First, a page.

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How to vote in Fort Collins’ city election

City elections are quickly approaching and ballots are in the mail. The regular municipal election will take place on April 4.

Citizens will elect a new mayor and representatives for voters in Districts 1, 3 and 5. Voters will also make decisions on four different policy issues.


All elections are non-partisan and candidates must run on issue-based platforms rather than with a party.

Voters who have previously registered for the 2016 presidential election can vote for the current city election. Those who are unregistered and over the age of 18 may register to vote online with a valid form of identification.

Since the election is taking place entirely through mail-in ballots, there are no polling centers, with the exception of one on-site polling place within the City Clerk’s Office.

Although it is too late to mail ballots in for them to be counted, voters can drop off ballots at the following locations:

  • City Clerk’s Office, located at 300 LaPorte Ave. during normal business hours
  • Fort Collins Police Services, located at 2221 South Timberline Road, accessible 24 hours a day in the building entryway until 7 p.m. on Election Day
  • Larimer County Citizen Information Center, located at 200 West Oak St. during normal business hours 8 a.m. – 5 p.m. Monday through Friday until 7 p.m. on Election Day
  • Northside Aztlan Community Center, located at 112 East Willow St., inside the East entrance during normal Center hours
  • Senior Center, located at 1200 Raintree Drive, inside main entrance to the left, accessible during normal facility hours, open until 7 p.m. on Election Day
  • South Transit Center, located at 4915 Fossil Boulevard (outside near ticket vending machine), accessible 24 hours a day until 7 p.m. on Election Day

All ballots must be returned to the City Clerk by 7 p.m. on Election Day.

Five candidates are running for the position of mayor while each district has two different candidates.

Mayoral candidates

Kwon Atlas is a banker with a bachelor’s degree in economics from Colorado State University. His prioritized issues include affordable housing, effective transportation and the promotion of small businesses. To further explore Atlas’s platform, visit

Elizabeth Hudetz is a retired teacher with a bachelor’s degree in music and a master’s degree in education. Her priorities are sustainability within the community, upholding Fort Collins’ Climate Action Plan and improving the quality of life of citizens. To further explore Hudetz’s platform, visit

Michael Pruznick is a small business older with a bachelor’s degree in computer science along with some graduate work. His platform emphasizes having the community work together to solve problems and improving transportation as Fort Collins expands. To further explore Pruznick’s platform, visit


Wade Troxell is seeking reelection for his second term as mayor. The incumbent is an associate professor and associate department head for mechanical engineering at CSU. He received a bachelor’s degree in engineering along with master’s and doctorate degrees in mechanical engineering. His priorities include expanding Interstate 25, prioritizing broadband service and reshaping Fort Collins’ City Plan. To further explore Troxell’s platform, visit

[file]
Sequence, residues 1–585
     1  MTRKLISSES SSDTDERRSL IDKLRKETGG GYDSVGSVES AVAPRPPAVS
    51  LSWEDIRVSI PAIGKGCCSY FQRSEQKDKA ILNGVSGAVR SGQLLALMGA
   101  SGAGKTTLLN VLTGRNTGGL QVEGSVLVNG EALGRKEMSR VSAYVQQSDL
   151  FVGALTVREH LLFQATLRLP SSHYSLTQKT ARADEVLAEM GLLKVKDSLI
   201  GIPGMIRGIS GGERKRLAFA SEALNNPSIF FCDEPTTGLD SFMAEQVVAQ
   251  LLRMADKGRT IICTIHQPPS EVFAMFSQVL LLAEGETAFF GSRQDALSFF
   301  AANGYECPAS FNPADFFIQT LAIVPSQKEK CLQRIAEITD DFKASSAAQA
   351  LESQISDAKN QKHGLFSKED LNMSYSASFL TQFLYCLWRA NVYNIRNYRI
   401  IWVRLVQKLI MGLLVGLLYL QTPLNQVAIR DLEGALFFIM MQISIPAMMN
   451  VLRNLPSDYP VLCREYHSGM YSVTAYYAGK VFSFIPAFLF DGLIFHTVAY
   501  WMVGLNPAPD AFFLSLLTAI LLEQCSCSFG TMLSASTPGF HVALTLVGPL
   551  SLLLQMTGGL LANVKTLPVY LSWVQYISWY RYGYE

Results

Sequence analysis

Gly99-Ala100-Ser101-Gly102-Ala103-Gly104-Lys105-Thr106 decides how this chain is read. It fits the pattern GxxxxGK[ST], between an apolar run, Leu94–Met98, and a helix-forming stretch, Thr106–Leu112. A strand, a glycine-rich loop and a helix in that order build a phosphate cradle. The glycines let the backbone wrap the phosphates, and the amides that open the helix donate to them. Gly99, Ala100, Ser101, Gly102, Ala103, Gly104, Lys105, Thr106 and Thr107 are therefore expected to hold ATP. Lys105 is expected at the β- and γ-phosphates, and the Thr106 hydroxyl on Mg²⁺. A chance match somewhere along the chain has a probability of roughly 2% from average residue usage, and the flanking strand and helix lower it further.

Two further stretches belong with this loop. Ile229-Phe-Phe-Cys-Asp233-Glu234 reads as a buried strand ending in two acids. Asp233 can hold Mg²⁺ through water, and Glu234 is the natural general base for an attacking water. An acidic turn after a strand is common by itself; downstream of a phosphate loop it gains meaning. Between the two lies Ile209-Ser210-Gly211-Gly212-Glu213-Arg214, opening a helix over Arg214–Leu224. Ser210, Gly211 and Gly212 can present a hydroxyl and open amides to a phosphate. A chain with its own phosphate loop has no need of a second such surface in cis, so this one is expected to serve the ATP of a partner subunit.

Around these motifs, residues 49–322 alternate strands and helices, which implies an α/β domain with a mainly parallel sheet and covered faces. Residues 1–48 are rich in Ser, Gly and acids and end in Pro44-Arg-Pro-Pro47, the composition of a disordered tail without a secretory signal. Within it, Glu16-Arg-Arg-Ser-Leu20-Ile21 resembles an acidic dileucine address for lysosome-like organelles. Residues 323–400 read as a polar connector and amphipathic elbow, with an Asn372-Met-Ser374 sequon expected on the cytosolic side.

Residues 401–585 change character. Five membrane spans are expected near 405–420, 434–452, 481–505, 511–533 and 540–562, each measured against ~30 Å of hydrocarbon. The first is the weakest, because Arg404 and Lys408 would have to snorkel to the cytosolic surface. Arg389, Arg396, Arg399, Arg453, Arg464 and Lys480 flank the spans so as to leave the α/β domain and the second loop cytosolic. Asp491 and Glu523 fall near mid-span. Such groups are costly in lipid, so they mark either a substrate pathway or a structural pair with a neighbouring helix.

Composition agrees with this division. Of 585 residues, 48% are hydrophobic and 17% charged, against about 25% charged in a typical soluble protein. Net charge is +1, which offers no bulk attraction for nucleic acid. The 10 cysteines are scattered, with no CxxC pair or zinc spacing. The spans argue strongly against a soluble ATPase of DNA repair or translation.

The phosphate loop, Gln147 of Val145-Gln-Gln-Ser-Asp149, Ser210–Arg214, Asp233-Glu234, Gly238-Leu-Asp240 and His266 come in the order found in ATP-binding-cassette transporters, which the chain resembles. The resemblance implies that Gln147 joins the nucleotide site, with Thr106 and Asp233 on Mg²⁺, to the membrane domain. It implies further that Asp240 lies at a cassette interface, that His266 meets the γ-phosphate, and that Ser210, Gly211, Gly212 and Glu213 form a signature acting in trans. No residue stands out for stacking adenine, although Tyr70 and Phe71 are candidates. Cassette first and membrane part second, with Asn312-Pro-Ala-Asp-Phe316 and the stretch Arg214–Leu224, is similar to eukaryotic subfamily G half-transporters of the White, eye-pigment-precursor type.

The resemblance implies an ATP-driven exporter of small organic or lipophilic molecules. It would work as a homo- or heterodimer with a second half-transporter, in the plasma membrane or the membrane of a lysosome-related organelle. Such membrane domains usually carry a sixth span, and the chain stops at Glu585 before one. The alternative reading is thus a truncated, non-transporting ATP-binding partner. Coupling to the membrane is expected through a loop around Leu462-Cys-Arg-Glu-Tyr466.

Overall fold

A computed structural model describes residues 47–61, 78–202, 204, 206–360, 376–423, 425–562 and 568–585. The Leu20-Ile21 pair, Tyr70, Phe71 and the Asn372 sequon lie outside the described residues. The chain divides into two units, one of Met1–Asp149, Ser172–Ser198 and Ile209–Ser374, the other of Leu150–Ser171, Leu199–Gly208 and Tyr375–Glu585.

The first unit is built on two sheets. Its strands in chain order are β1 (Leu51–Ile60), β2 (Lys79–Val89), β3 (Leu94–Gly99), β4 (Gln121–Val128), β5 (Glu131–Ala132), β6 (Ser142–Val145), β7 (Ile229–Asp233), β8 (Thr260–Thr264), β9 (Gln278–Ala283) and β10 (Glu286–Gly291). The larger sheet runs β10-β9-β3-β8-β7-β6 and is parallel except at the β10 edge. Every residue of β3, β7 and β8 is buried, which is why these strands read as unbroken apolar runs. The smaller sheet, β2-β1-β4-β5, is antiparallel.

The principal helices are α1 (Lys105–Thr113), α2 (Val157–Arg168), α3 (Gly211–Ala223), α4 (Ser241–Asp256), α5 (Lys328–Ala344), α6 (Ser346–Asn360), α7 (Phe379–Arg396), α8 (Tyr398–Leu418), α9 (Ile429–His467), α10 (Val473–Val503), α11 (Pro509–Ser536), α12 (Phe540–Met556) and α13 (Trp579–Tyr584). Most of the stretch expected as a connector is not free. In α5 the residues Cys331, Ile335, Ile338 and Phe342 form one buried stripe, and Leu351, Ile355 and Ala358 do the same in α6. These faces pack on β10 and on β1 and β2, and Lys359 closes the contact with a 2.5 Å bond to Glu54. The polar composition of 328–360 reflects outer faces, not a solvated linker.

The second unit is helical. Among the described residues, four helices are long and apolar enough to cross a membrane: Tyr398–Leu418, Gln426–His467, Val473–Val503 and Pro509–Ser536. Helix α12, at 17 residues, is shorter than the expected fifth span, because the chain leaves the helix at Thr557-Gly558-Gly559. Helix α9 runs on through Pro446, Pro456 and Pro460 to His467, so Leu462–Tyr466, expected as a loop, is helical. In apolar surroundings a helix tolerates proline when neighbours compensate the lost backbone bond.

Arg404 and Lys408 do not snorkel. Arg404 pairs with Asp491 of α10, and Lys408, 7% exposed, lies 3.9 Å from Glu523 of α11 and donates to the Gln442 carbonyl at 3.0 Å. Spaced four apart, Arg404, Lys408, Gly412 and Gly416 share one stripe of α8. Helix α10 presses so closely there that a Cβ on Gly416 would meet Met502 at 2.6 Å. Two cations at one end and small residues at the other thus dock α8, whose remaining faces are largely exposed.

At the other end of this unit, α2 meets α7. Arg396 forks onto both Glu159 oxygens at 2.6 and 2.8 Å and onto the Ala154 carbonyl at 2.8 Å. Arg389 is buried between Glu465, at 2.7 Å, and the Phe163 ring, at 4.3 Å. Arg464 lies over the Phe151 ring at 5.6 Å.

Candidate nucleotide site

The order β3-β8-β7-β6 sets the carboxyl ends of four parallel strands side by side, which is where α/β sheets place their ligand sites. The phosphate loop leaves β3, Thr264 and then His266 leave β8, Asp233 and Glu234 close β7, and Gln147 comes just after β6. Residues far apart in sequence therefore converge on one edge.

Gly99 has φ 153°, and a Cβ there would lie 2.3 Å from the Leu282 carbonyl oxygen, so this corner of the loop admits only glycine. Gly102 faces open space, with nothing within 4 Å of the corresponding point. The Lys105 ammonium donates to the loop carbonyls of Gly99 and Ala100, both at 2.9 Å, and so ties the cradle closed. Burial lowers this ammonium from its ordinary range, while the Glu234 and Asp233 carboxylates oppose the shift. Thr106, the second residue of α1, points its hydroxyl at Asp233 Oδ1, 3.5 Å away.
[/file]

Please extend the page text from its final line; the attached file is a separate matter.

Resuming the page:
District 1 representative candidates

Nate Budd is an associate director of development for CSU’s College of Engineering. He holds a bachelor’s degree in natural resources. His priorities include affordable housing and the growth of local businesses. To further explore Budd’s platform, visit

Bob Overbeck, a 54-year-old former commodities floor trader, is seeking re-election for his second term. He holds an associate degree in business. His priorities include policing within the community, providing affordable housing and improving the quality of life for Fort Collins citizens. To further explore Overbeck’s platform, visit

District 3 representative candidates

Gordon Coombes is a small business owner who holds a bachelor’s degree in criminal justice administration. His priorities include improving the local economy, quality of life and public safety. To further explore Coombe’s platform, visit

Ken Summers is a government worker/nonprofit consult with a bachelor’s degree in business education and a master’s in nonprofit management. His priorities revolve around supporting local businesses and environmental stewardship. To further explore Summer’s platform, visit

District 5 representative candidates

Ross Cunniff is an engineering manager and is seeking reelection for his second term. He received a bachelor’s degree in mathematics and computer science. His priorities include improving the public’s quality of life, diversifying city revenue and providing open data access. To further explore Cunniff’s platform, visit

Duane Hansen is a courtesy manager at State Student Housing with a bachelor’s degree in political science from CSU. His priorities include promoting community engagement, providing affordable housing and improving transportation. To further explore Hansen’s platform, visit

The ballot also includes four different amendments for the city charter: moving the date for certifying election results, cancellation of city council meetings due to unforeseen circumstances, prohibiting the sale of property or services to the city by city officers and appointing additional judges to the municipal court.

More information about Fort Collins’ city election, including the ability to check a ballot’s status, can be found at:

Collegian reporter Piper Davis can be reached at or on Twitter @PiperLDavis.

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